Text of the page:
Australian bishop convicted of sex abuse cover-up resigns


VATICAN CITY (AP) — Pope Francis on Monday accepted the resignation of an Australian archbishop convicted in criminal court of covering up the sexual abuse of children by a priest, taking action after coming under mounting pressure from ordinary Catholics, priests and even the Australian prime minister.

It was the second major announcement of a sex abuse-related resignation in as many days, after Francis’ dramatic sanctioning and demotion this weekend of a prominent U.S. cardinal. The move suggests Francis is keen to clean house before he heads to Dublin next month for a big Catholic family rally were the sex abuse scandal is likely to dominate the agenda given Ireland’s devastating history with predator priests and the bishops who covered for them.

In Australia, Adelaide Archbishop Philip Wilson was convicted in May and sentenced to a year’s detention for failing to report to police the repeated abuse of two altar boys by a pedophile priest, the late Rev. James Fletcher, in the Hunter Valley region north of Sydney during the 1970s. He became the highest-ranking Catholic cleric ever convicted in a criminal court of abuse cover-up.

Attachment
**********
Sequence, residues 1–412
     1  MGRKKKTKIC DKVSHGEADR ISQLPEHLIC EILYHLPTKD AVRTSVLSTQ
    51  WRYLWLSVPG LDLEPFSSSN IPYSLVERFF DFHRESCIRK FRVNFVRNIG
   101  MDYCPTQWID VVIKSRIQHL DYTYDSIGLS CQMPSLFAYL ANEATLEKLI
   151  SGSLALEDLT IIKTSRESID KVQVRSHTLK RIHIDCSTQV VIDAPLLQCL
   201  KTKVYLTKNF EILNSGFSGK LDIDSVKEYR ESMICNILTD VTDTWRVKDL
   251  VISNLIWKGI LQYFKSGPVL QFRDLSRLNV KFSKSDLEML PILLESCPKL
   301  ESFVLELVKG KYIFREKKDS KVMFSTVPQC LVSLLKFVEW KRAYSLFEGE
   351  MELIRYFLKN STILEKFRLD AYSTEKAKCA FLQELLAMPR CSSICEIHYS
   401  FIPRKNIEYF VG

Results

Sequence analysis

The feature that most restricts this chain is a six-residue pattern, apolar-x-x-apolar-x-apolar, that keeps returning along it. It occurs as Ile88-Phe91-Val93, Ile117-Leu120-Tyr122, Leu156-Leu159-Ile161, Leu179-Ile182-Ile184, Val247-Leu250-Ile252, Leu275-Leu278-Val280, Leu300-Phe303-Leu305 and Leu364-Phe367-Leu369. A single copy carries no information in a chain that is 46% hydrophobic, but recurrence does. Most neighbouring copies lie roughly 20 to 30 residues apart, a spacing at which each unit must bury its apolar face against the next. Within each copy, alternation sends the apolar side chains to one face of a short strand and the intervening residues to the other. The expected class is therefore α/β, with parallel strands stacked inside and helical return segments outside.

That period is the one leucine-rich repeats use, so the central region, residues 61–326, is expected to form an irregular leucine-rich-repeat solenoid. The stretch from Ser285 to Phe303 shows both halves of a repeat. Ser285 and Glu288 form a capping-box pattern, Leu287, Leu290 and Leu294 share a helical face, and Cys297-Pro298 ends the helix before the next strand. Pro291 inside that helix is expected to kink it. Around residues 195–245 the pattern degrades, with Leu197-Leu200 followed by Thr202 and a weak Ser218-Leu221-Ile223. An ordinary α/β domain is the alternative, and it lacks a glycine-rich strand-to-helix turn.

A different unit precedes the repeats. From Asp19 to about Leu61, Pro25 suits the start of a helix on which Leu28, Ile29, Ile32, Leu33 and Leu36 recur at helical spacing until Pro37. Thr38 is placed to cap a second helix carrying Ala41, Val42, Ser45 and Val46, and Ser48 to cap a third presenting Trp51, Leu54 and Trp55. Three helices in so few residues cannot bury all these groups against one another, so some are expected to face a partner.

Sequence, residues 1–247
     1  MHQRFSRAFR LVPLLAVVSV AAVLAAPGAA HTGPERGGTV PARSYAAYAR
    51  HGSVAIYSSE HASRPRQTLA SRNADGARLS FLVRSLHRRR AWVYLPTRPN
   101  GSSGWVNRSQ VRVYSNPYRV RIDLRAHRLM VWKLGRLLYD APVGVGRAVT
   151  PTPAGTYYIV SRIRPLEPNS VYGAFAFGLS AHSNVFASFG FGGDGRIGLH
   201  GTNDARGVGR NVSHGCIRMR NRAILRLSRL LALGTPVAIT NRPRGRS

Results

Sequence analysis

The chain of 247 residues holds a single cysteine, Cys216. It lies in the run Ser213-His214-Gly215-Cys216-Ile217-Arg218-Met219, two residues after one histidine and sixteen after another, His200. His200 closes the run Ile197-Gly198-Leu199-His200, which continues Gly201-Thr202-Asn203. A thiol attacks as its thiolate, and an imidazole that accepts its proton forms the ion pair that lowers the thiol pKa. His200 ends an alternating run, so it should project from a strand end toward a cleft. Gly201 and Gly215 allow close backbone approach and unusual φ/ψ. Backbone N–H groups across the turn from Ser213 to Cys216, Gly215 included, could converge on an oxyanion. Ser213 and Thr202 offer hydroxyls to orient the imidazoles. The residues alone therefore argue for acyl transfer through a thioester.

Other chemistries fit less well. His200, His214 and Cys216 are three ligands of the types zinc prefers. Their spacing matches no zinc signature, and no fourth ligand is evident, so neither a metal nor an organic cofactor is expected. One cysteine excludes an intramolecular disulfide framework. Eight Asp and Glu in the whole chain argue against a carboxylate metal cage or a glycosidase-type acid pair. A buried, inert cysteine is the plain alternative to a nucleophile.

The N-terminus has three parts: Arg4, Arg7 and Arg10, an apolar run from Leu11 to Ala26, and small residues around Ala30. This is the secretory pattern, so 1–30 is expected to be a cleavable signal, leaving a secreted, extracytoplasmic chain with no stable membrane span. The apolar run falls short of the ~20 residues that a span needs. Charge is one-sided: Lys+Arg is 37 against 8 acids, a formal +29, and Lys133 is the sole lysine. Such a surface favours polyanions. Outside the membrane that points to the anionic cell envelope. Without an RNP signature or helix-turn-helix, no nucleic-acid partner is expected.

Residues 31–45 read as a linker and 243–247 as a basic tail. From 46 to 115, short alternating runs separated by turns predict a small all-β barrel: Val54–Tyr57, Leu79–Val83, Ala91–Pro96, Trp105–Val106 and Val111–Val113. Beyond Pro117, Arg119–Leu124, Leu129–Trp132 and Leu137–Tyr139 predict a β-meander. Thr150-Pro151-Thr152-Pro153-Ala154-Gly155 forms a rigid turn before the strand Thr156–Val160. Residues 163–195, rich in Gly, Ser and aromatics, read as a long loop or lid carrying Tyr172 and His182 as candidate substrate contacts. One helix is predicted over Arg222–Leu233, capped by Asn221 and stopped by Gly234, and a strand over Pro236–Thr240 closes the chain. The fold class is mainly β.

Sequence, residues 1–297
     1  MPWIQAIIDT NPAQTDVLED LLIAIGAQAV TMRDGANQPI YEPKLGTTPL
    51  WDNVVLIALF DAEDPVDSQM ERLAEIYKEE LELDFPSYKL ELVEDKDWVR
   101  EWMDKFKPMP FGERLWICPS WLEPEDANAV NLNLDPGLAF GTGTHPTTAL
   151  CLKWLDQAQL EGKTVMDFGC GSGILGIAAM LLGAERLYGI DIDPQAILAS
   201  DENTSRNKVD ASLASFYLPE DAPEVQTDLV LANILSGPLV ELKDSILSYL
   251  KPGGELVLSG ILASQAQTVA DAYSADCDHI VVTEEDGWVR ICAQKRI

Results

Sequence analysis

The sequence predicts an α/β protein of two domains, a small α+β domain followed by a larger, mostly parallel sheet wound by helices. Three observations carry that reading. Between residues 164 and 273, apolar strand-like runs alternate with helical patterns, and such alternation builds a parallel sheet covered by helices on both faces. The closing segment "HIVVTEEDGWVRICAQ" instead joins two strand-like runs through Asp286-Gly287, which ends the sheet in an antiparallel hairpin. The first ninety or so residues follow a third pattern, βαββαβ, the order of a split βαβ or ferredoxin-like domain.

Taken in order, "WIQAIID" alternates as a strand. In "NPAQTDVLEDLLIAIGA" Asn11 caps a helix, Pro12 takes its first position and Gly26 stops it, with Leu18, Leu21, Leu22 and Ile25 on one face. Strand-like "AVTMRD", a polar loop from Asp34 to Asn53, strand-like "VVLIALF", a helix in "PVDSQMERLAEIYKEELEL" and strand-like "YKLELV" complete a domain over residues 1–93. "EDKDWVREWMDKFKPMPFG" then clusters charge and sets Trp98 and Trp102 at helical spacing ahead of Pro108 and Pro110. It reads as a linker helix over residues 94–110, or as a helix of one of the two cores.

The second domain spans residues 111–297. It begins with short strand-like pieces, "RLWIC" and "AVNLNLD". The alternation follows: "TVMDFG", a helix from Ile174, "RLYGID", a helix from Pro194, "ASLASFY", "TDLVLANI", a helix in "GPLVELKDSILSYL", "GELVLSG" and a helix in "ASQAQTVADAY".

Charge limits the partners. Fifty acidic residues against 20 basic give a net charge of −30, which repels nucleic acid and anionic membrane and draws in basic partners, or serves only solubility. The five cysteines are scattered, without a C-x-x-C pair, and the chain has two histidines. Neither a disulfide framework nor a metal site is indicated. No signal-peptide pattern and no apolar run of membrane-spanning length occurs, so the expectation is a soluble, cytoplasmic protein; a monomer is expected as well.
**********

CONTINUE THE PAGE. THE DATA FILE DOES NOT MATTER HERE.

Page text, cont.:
Wilson, who denied the accusations, had immediately stepped aside after he was convicted but refused to resign pending an appeal. As recently as last week, though, Wilson acknowledged that calls for his sacking were increasing, and Prime Minister Malcolm Turnbull added his voice to the chorus July 19 in urging Francis to fire him.

Even one of Fletcher’s victims spoke out: Australian media published a letter last week from Peter Gogarty to Francis urging him to remove Wilson. “Imagine if you can, your own childhood, your Catholic upbringing and the character-destroying belief that you were engaged in the worst of mortal sins,” Gogarty wrote the pope. “I am now 57 years old and continue to struggle with the burden forced upon me.”

In a one-line statement Monday, the Vatican said Francis had accepted Wilson’s resignation. At 67, he is well under the normal retirement age for bishops of 75.

In a statement issued by the archdiocese, Wilson said he had submitted his resignation to Francis of his own will on July 20 — a day after Turnbull’s call — and said he hoped his decision would help abuse victims and the rest of the Catholic community heal.

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